Why should doctors, trained at great expense by the state, not be obliged to serve a minimum number of years in the NHS?

Politicians occasionally suggest that doctors who have been trained in the UK—and who have accumulated an average of £71,000 in debt in the process—should have a period of indentured service to the NHS or else pay a still higher contribution to the cost of their training to be freed from this requirement.

I always wonder why the equivalent suggestion isn’t made regarding politicians themselves. Elections are costly, and when MPs resign mid-term, before the end of the period of service for which they were elected, there is a cost to the public purse of running an election to replace them. Why not require MPs to serve their term or repay the by-election costs if they don’t?

The answer is obvious: it’s in no one’s interest to have a de-motivated, disruptive, non-attending Nadine Dorries of an MP, trapped in a job they want to leave because of a perceived ‘fine’ if they quit—a ‘fine’ that they may not be able to afford. And it strikes me that the same applies to doctors.

The image at the top of this post was generated by DALL·E 3.

This post was filed under: Health, News and Comment, Post-a-day 2023.

Aviate, navigate, communicate

I’ve watched enough Aircrash Investigation to know that in an emergency, pilots focus on aviation, navigation, and communication—in that order. It seems like the ‘airway, breathing, circulation’ of the aviation world.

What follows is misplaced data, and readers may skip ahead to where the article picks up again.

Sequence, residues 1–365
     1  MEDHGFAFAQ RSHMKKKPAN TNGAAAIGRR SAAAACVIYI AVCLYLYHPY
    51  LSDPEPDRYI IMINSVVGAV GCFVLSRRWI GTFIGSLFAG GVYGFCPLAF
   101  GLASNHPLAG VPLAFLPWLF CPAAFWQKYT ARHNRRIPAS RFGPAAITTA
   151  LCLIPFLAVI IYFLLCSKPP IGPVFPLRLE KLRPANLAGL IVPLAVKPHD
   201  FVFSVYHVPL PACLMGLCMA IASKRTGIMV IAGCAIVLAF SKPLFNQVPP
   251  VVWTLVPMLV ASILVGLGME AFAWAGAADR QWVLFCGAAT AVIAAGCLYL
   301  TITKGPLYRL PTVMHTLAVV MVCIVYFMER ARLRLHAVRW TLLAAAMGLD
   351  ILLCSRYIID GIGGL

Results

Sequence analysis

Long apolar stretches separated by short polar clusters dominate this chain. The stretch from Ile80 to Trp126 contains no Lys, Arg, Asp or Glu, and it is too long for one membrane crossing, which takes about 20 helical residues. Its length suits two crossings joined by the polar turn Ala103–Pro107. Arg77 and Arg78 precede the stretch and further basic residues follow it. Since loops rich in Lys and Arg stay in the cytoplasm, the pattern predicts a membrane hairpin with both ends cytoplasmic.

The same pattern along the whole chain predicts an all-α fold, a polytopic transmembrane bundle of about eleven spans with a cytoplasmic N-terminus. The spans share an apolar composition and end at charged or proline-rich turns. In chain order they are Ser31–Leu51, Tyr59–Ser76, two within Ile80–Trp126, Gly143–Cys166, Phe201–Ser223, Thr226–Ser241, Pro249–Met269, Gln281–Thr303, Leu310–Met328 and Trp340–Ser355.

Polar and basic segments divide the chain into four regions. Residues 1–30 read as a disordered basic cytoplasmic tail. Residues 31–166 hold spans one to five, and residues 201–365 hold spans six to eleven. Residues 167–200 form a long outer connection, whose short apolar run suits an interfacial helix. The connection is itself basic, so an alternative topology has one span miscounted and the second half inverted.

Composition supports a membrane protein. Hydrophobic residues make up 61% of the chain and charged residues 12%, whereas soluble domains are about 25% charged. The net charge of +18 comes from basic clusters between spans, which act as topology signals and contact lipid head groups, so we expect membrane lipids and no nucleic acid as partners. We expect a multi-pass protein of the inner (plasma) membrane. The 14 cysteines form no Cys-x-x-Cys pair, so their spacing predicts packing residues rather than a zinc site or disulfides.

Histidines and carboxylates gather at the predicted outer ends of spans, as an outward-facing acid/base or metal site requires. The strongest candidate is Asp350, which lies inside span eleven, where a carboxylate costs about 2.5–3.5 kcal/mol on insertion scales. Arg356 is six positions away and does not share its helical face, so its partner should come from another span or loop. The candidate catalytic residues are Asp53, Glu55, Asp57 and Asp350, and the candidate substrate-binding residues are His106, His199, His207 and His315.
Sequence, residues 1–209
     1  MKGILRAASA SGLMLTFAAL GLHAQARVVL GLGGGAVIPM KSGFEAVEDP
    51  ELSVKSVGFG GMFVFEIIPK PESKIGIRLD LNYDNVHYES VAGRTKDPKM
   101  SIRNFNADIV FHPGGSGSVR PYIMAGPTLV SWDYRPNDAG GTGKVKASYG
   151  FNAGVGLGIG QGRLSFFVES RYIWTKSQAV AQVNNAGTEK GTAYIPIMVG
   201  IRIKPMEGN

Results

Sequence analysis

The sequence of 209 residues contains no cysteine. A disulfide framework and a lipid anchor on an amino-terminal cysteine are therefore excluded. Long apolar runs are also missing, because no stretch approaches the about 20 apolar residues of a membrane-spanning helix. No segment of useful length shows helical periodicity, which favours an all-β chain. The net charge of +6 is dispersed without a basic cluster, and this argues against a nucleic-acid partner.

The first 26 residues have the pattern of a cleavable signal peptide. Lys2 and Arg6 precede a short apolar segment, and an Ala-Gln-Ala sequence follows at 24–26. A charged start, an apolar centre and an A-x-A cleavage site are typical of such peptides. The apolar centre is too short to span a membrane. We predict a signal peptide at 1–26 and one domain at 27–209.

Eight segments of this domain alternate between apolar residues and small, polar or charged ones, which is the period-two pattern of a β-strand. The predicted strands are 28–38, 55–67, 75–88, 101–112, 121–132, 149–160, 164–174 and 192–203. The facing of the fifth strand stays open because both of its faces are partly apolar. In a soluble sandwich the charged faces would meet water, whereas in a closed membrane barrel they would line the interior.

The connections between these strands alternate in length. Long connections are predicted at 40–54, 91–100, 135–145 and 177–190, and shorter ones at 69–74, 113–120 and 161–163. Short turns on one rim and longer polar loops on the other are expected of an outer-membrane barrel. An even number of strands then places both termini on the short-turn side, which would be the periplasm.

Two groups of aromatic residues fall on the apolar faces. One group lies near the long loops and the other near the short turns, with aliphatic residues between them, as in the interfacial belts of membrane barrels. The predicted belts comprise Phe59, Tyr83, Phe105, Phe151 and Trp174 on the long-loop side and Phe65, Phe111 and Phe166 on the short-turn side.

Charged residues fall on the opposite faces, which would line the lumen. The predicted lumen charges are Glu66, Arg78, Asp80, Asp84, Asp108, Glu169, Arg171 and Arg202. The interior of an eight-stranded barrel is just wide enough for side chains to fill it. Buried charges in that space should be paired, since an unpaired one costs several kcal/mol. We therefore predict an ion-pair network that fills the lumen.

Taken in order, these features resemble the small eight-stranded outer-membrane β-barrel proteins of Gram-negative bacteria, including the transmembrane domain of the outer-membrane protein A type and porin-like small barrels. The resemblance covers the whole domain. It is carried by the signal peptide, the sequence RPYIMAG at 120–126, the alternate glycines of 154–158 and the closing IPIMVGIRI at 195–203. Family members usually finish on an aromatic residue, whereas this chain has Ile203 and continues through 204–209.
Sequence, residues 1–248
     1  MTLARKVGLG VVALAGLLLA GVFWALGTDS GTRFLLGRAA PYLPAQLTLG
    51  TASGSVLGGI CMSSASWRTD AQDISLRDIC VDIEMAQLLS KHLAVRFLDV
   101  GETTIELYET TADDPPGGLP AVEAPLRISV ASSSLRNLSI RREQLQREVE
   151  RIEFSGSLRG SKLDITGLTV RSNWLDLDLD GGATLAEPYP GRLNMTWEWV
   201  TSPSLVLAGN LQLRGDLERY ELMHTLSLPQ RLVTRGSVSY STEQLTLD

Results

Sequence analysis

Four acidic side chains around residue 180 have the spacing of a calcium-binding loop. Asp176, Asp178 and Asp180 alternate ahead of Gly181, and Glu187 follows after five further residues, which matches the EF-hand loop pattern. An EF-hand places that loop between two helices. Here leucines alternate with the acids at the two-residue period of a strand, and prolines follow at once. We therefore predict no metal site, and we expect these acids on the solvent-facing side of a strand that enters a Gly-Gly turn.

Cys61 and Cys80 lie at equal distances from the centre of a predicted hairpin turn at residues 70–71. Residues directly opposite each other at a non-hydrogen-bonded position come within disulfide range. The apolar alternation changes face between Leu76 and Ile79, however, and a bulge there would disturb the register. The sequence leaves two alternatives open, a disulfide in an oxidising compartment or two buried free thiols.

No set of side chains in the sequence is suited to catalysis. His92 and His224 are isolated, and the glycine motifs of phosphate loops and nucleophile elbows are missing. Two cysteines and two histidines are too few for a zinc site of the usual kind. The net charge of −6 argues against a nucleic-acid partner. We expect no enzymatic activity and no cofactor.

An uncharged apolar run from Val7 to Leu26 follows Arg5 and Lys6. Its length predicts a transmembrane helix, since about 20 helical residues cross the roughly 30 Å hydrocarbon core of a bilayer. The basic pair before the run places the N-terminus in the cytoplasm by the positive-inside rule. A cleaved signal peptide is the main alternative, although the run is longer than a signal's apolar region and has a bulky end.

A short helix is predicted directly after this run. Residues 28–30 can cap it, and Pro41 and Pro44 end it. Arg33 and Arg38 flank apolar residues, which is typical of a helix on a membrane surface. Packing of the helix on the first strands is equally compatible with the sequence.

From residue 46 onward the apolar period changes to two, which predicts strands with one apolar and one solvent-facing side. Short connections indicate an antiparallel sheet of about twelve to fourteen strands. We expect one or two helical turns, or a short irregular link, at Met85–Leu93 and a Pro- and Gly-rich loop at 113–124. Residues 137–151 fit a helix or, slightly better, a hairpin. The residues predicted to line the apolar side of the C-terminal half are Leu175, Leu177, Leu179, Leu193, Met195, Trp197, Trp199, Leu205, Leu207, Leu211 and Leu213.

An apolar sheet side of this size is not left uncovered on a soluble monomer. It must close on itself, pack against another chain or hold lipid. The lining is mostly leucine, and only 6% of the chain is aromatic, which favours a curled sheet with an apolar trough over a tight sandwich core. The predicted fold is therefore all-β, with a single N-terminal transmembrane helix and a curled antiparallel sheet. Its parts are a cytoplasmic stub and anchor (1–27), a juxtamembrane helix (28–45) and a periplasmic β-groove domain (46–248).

Listening to bits of the COVID-19 inquiry over recent weeks, Wendy observed that often, decision-makers were put off from making a decision due to fear of what might come next. This week’s most-discussed example has been lockdowns: there was much discussion about them being intentionally deployed as late as possible because of the future risk of behavioural fatigue.

I can understand why this happened. I obviously had no part in the decision-making, but before the lockdown was announced in the UK, I remember being sceptical that compliance would be high and thinking that it would tail off quickly. Even as lockdown was announced, I’m reasonably sure I said something like, ‘I bet loads of people go to work tomorrow regardless’. I was entirely wrong.

In retrospect, this feels similar to forgetting to aviate due to focusing on navigation: it’s ignoring what’s in front of the windscreen right now for fear of what might emerge later. In certain extreme situations, that might be advisable. Yet, generally, it’s more sensible to prevent the plane from crashing into the thing in front of the windscreen right now. One can consider whether the manoeuvre has knocked the aircraft off course once the evasive action has been taken.

Perhaps the lesson of the COVID-19 inquiry is the same. Take action to avert the crisis before you, and add nuance and course correction later when the impact is known. Don’t delay essential action because of uncertainty about what might happen later.

The image at the top of this post was generated by DALL·E 3.

This post was filed under: Health, Post-a-day 2023.